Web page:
The weapon capabilities illustrated in the test would be useless against military targets, especially ones with no electronics fire and control systems. The principle of the weapon is to create such a large electromagnetic force field that it overwhelms the normal functionality in the opponents weapon system electronics. It's one thing to overwhelm ordinary commonplace electronics, but military designed hardware is different. Ideally such military hardware is designed to meet MIL spec 461, Electromagnetic Compatibility. I know I've designed and tested hardware that meets the spec. To knock it out with a weapon would require a huge field which implies a very huge power source. It's just not practical. For spacecraft it's a bit different, you can get a large enough field with a nuclear explosion in space. That's why most military and some civilian spacecraft are designed with radiation hardened electronic parts. I know I've done it. Such a design requirement severely limits the part selection, because there aren't that many to choose from.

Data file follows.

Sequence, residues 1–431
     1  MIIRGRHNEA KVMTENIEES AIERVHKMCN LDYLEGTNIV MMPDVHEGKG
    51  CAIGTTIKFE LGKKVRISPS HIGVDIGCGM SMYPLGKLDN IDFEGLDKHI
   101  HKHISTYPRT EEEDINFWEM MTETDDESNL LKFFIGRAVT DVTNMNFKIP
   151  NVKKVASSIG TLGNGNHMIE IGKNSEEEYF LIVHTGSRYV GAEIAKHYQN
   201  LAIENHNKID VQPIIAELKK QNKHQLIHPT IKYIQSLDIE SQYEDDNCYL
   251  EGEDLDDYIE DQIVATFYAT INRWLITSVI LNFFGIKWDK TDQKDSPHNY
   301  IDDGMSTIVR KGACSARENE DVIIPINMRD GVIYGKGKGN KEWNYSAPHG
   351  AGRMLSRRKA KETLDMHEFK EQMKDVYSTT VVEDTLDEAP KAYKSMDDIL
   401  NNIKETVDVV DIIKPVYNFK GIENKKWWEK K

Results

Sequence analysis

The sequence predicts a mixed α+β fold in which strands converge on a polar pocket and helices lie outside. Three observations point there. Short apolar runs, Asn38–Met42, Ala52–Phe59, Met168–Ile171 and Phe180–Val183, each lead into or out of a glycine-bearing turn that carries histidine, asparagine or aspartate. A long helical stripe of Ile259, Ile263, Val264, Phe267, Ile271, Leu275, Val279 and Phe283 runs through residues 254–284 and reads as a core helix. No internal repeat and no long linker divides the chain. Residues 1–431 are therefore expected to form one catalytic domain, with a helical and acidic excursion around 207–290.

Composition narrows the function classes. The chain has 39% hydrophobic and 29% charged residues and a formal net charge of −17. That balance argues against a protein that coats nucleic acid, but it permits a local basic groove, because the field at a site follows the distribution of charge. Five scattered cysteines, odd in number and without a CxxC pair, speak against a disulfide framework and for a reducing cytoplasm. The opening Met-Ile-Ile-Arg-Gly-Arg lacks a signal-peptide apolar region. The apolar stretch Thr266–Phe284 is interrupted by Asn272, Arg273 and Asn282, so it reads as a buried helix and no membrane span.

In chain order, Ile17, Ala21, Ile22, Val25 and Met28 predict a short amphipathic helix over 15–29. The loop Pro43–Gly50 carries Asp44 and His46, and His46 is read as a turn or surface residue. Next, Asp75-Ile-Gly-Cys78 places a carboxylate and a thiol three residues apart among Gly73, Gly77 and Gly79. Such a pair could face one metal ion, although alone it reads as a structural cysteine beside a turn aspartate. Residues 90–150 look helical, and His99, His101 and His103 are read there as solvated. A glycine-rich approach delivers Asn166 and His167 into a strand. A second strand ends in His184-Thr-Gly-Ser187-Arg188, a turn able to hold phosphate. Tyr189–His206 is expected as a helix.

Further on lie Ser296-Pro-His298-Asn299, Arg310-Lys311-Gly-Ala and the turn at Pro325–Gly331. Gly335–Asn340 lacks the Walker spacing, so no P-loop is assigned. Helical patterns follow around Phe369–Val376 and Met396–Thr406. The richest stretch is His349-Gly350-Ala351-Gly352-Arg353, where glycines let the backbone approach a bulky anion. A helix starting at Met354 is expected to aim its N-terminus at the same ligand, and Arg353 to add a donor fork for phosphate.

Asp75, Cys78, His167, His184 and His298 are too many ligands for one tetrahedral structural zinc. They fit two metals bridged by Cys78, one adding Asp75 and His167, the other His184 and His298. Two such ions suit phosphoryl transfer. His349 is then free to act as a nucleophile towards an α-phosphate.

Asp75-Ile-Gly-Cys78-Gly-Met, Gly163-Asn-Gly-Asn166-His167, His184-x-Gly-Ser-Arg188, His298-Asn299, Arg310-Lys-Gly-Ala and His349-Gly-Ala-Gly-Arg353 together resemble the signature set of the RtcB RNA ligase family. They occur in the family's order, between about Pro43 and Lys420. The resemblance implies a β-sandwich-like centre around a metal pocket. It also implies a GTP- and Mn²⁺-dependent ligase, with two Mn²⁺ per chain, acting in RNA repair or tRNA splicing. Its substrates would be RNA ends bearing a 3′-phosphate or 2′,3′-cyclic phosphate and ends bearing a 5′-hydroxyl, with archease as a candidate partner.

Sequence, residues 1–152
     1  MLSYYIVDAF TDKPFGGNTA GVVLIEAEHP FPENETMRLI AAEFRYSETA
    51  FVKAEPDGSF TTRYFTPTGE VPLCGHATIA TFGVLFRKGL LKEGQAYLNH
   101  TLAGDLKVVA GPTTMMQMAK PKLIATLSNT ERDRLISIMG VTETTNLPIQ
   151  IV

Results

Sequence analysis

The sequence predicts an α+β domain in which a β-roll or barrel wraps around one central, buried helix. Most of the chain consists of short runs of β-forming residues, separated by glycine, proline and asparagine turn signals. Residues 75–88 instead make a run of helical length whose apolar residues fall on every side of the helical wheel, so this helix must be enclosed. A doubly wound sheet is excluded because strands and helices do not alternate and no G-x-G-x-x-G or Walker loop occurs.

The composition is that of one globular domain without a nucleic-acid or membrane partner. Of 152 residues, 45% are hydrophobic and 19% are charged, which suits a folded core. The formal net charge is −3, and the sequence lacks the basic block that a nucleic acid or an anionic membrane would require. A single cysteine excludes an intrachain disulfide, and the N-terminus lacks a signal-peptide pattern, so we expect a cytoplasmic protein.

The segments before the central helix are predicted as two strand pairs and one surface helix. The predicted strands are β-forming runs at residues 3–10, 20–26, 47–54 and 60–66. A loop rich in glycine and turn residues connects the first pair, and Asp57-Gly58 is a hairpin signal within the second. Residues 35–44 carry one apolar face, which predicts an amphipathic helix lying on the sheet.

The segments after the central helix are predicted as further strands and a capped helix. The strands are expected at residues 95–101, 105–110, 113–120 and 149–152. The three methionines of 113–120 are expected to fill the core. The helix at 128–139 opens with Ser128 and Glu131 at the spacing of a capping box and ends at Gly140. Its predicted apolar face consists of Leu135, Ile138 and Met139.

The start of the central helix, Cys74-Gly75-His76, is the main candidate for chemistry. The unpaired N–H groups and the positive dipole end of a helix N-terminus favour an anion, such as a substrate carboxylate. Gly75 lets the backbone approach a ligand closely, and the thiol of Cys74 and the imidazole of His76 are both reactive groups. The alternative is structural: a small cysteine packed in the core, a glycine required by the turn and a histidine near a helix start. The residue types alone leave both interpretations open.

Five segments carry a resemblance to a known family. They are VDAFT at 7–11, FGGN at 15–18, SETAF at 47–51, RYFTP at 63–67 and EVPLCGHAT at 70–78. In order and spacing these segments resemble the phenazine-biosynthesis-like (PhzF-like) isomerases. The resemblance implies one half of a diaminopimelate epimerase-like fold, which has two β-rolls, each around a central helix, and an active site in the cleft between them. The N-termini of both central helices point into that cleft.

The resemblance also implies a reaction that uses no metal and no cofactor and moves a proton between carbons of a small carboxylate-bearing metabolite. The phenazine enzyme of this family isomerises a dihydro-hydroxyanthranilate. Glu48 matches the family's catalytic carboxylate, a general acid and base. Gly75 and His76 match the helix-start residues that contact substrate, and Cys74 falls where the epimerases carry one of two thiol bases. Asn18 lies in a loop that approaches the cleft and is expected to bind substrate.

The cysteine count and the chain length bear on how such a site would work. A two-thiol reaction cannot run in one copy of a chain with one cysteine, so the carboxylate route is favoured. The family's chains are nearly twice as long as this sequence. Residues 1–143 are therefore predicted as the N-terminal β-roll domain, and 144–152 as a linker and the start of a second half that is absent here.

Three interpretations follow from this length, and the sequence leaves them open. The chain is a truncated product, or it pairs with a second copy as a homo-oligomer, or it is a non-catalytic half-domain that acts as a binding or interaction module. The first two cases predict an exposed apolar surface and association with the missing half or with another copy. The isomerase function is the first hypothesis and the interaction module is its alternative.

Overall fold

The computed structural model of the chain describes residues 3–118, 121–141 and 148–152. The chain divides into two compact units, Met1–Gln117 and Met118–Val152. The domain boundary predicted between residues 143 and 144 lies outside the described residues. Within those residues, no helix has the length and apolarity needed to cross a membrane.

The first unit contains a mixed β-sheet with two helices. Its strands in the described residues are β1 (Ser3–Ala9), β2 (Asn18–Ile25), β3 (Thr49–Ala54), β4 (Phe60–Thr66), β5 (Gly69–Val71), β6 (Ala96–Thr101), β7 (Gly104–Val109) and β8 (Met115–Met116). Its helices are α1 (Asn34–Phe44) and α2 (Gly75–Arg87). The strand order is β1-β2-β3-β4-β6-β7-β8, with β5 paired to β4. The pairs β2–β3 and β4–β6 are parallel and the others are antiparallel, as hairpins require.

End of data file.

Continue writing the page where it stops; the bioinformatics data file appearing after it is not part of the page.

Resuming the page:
So what you see is nothing more than Boeing marketing, the physics obstacles are much to great for a practical weapon.